I can tell you that my home people (a.k.a. family) is thrilled with my newfound pita baking high. We still have our large, thin pitas from the pro bakery on hand always for tearing off and picking up food with, but these thicker pillows are so perfect and great for slathering with butter or dipping in hummus or labneh or muhammara or opening up and stuffing with something great for lunch that I now call them My Pillows.

I pull the dozen out of the oven while everyone is just gathering to find dinner, and it’s like I’m a magician, a hero, a pita-pillow queen who does indeed bake pita, and often. Pita-pillow queens don’t ever drive freight trains, so I’m good with that, too.

Yogurt Pita Bread

Servings: 12 pitas
Recipe by: Maureen Abood

This perfect recipe is from Molly Yeh’s Short Stack Yogurt book (get it here, and see Molly’s post with photos here). I use labneh rather than her recipe’s Greek Yogurt, because, well, I always have labneh in my refrigerator and I use it for anything and everything calling for thicker yogurt. If any of the pitas don’t balloon in the oven, don’t worry one bit. They’ll still have a pocket when you open them up and they’ll still taste wonderful. Be sure to put the pita in a ziplock bag or airtight container immediately after they cool off to keep them soft. If they’re at all hard on the outside, they’ll soften right up in the container.

Print

Ingredients

  • 3/4 cup warm water (105-110 degrees)
  • 2 1/4 teaspoons or 1 packet active dry yeast
  • 1 teaspoon plus 1 tablespoon granulated sugar
  • 3 3/4 cups bread flour, plus more for dusting (if needed)
  • 1 1/2 teaspoons kosher salt
  • 3 tablespoons extra virgin olive oil, plus more for the bowl
  • 3/4 cup whole-milk Greek yogurt or labneh

Instructions

  1. In a medium bowl, combine the water, yeast, and 1 teaspoon of the sugar. Let the mixture sit until it's foamy on top, about 5 minutes.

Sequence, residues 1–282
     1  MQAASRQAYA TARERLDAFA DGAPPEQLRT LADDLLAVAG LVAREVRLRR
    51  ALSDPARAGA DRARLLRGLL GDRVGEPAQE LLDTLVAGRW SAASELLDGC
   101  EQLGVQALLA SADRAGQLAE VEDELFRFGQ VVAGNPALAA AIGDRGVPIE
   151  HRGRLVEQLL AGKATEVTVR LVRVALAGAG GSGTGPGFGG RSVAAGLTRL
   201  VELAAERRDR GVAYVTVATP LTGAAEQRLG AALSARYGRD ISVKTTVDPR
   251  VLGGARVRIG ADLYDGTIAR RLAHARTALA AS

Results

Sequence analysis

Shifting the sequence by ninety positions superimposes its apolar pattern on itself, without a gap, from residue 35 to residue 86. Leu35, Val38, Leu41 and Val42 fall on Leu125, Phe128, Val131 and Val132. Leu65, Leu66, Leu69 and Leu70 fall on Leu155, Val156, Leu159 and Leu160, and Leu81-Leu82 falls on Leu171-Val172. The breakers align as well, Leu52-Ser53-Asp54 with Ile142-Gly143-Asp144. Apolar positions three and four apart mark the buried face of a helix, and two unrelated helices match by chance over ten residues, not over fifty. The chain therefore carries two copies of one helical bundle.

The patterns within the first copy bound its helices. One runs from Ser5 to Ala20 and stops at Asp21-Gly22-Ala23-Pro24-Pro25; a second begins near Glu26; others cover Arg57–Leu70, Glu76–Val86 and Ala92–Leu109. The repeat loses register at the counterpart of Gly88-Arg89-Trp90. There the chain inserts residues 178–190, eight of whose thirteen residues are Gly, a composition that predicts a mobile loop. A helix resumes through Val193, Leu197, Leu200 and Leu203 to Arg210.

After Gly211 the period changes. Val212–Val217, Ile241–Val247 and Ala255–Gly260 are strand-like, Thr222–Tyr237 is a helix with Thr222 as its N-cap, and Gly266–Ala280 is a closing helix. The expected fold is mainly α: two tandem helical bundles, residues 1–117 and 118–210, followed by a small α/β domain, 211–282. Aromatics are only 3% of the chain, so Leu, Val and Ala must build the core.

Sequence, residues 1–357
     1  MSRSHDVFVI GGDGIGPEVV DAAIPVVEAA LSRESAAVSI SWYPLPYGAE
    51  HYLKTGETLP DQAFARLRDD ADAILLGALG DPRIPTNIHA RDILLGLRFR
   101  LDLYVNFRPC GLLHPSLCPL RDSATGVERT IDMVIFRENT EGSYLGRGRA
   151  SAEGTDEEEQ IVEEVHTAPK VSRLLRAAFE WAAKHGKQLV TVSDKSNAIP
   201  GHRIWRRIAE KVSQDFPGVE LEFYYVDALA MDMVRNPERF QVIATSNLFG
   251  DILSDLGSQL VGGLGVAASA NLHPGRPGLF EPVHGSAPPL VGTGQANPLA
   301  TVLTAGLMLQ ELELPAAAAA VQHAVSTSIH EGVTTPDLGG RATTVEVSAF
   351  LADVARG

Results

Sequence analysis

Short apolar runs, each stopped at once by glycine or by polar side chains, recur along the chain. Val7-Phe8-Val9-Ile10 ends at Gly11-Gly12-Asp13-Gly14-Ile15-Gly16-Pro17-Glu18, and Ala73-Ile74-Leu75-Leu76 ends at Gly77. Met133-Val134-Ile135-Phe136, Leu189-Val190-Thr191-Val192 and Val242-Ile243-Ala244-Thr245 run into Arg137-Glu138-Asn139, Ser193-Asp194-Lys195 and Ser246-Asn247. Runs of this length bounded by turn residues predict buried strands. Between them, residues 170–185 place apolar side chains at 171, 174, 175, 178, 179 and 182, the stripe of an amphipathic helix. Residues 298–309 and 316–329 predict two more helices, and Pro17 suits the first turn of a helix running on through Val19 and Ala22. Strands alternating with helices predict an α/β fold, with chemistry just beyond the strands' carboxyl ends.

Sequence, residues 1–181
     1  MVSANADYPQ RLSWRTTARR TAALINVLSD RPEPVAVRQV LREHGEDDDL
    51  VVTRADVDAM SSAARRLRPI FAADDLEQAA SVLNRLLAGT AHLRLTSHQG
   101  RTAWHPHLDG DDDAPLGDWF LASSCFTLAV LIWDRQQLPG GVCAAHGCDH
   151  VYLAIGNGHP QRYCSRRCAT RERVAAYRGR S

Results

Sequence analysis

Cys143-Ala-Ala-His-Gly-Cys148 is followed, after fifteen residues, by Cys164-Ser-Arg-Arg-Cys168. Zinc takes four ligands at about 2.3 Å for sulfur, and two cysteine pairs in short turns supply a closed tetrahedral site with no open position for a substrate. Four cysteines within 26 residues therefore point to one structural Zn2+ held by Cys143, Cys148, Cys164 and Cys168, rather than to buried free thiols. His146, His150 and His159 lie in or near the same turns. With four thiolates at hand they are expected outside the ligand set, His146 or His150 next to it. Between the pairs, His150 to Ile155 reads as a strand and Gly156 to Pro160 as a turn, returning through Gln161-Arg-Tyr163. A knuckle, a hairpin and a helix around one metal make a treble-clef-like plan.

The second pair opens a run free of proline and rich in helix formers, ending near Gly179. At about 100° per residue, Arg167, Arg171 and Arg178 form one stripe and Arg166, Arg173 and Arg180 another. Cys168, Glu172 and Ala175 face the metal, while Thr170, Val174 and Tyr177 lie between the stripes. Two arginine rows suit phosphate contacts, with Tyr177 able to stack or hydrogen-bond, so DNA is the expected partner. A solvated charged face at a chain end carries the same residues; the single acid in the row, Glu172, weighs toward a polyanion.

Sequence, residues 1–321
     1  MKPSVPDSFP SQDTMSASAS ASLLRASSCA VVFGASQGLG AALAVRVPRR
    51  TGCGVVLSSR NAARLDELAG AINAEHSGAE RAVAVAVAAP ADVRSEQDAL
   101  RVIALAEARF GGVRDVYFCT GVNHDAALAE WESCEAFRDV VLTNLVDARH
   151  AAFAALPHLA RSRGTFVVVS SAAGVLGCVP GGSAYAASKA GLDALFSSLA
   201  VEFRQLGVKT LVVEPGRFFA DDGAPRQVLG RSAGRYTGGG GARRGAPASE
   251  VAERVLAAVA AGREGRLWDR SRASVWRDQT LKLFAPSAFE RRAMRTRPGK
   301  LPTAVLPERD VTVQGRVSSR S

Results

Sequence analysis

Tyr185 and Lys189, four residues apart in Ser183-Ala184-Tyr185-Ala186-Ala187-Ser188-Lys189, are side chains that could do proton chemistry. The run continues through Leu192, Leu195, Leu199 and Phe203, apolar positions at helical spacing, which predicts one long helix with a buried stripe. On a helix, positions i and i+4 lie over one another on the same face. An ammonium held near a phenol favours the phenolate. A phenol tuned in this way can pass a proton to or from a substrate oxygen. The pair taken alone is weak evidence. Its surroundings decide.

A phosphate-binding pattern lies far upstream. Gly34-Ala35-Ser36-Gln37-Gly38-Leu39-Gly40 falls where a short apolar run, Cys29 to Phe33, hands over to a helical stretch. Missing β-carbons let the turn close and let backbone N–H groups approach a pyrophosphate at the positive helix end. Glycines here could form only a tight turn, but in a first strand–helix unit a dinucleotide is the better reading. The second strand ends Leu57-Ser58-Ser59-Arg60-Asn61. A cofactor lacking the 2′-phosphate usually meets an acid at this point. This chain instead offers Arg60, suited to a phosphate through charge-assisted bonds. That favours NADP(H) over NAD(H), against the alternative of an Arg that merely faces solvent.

2. In a large bowl or stand mixer fitted with the hook attachment, combine the flour, salt, and remaining tablespoon of sugar. Add the yeast mixture, oil, and yogurt and mix to combine. Knead the dough either in the mixer or by hand on a clean work surface, adding more flour if needed, until the dough is soft and slightly sticky, 7-10 minutes.

  3. Transfer the dough to an oiled bowl, cover with plastic (not touching the dough), and let the dough rise in a warm spot until it's doubled in size, about 2 hours.

  4. Preheat the oven to 500 degrees, and line two baking sheets with parchment paper. Turn the dough out onto a clean work surface and divide it into 12 equal balls. Cover and let rise an additional 20 minutes.

  5. Roll the balls out into circles that are 1/4- to 1/2-inch thick. Place them on the baking sheets an inch apart, then bake until they're puffy and lightly browned on top (begin checking for doneness at 5 minutes). 

  6. Transfer the pitas to a wire rack to cool. Enjoy!

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19 Responses to "Pita Bread Recipe"
  1. Kathleen says:

    My mother in law used to have a wood stove down in her basement and it was always so fun to help her make pita bread. She used to fire the stove up to 700 degrees. She would, also make manushi. I used to bake pita in a conventional oven and would place a pizza stone in the oven to get it as hot as possible and then used a peel to take it out of the oven. Great memories!

  2. Diane says:

    Ok Maureen this may be the recipe that allows me to overcome my doughphobia complex!!!
    Pita perfection

  3. Geoff B. says: